1. Territorialism was the term describing Jews in Europe and Russia who were debating the idea of having a single Jewish territory, not necessarily in Israel, but very possible in Russia after the revolution. The example of Birobijan established later in the USSR was regarded as a Jewish territory. Return
  2. One Verst is approximately three-quarters of one mile. Return


[Page 131]

Fragments of My Past

by Ralph Arsh (Yerachmiel Aarons-Arsh)

Translated by Mathilda Mendelow, born Ginsberg

I inhaled the Zionist redemption ideal when I was still in my parents' home. My father truly knew whole works of Yiddish and Hebrew literature by heart. He was a grammarian and had a great knowledge of the Bible. He studied Holy writings together with a group in synagogue. He was the leader of all the most religious congregations – first in Sviadests and then in Rakishok. To him, his first duty was love of Zion and love of Israel. That was the most important essential in his life.

My mother was an intelligent woman. Her greatest pleasure was to read books. I grew up in an atmosphere of enlightenment and love of our nation. Yiddish and Hebrew journals and newspapers used to arrive in our home. When I was only two years old, I used to look at the photos in the books and newspapers and I knew the names of the writers.

The childhood years planted within me an energy and desire to be independent in my path. Still, long before there were preparatory agricultural centers for training in Lithuania I obtained a training in agriculture from a peasant whose name was Poepelis. He lived in a village whose name was Trumpantze, at the Lithuanian border. A lake divided the border from the Latvian wilderness. The town's inhabitants were mixed, about half were Russian peasants and half Lithuanian peasants and a few Polish families. Although, at first the work of the peasant was difficult for me and the living style strange, I wanted to reach my goal to learn how to plough, plant and reap.

More than once I used to long for books and journals and especially for more Jews. I was also bored during the autumn days and nights when it rained continuously and the mud was more than knee deep. When I learned all about farming and knew all about country life, I wrote to the Pioneering Center in Kovno telling them that I wanted to go to Israel as an immigrant. The Pioneering Center answered me that I was too young and that I should wait.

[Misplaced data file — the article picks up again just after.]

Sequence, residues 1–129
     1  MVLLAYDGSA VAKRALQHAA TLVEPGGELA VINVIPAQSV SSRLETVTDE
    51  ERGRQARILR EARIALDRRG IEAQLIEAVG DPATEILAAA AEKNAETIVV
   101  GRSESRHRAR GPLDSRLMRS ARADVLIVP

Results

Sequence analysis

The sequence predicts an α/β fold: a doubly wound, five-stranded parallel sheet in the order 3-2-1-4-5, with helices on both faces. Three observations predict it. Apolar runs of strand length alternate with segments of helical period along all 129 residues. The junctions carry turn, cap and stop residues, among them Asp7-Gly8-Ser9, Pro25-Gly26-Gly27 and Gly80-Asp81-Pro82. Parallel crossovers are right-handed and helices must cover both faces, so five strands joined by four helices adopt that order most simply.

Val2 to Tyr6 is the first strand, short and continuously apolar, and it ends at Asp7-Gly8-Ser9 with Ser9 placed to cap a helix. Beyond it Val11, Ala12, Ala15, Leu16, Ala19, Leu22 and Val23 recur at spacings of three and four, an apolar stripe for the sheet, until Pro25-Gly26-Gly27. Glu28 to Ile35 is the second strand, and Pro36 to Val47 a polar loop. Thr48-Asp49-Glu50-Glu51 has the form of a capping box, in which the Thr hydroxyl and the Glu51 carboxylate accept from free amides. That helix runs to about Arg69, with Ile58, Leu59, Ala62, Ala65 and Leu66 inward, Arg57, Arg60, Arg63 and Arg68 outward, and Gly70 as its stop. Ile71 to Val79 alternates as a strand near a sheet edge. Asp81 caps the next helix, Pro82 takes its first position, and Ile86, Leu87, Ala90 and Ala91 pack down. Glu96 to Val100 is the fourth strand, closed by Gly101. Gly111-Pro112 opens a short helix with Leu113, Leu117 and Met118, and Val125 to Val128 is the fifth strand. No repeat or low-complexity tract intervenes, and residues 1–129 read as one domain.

A new spirit entered within me. As a stop gap, I left for Palatage where the first Lithuanian Kibbutz was situated, since I did not work and I could do the agricultural work well. The head of the kibbutz was Zisle – I later met him at the Spring of Cheyrud.

Because I became ill at the Kibbutz, I left for home in Rakishok. For a few weeks I walked around the Rakishok streets without a goal and empty handed. Often I used to go to the Zionist offices and I started reading Jewish books.

As I did not get a positive answer from the Pioneering Center, I wanted to work for a prince who called himself Kazlov, but my father got me a job in Kovno at a German firm where I worked for a year and a half. My older brother Melech was also in Kovno at the time. He was in his last semester of the teachers' qualification. My Aunt Mira (may she rest in peace) was also studying medicine in Kovno at that time.

Although I worked hard at this German firm, I still had time to study Hebrew and to read books. At the same time I did not stop obstinately and stubbornly demanding a certificate from the Pioneering Center. Even though I was already 17 years old and considered from all sides to be ready as an immigrant to Palestine, the Center did not hasten to answer my numerous requests. But one day someone told me a secret that if I was prepared to cover the expenses of the journey for a comrade they would give me a certificate.

It was not easy for me to put such a proposition to my father, but still I wrote a letter about this to my parents. I was greatly amazed when I received a letter from my father that he was prepared to give me the expenses of the journey for a second comrade so that I should be able to go.

In 1925 I went to Israel. At that time an excursion was organized to the opening of Jerusalem University and a group of pioneers came along with us. We went by train through Berlin and Belgium to Marseilles. At the boat we met two young people from Poland who wanted to emigrate, but they had no certificates and no tickets for passage. We pioneers found a way so that they would be able to come along. They came aboard carrying our luggage and we emptied two large baskets in which they hid until the documents were checked. Thereafter they walked around the boat free as birds! Each time they checked the documents we hid them in the baskets.

The ship was an old one, built to carry goods and cattle feed. The air was choking. There were two double-storied bunks in fourth class. People were ill and those from the upper bunks used to vomit on to the heads of those who slept in the lower bunks. The food was bad. We were fed potatoes and at each meal we received only one sardine.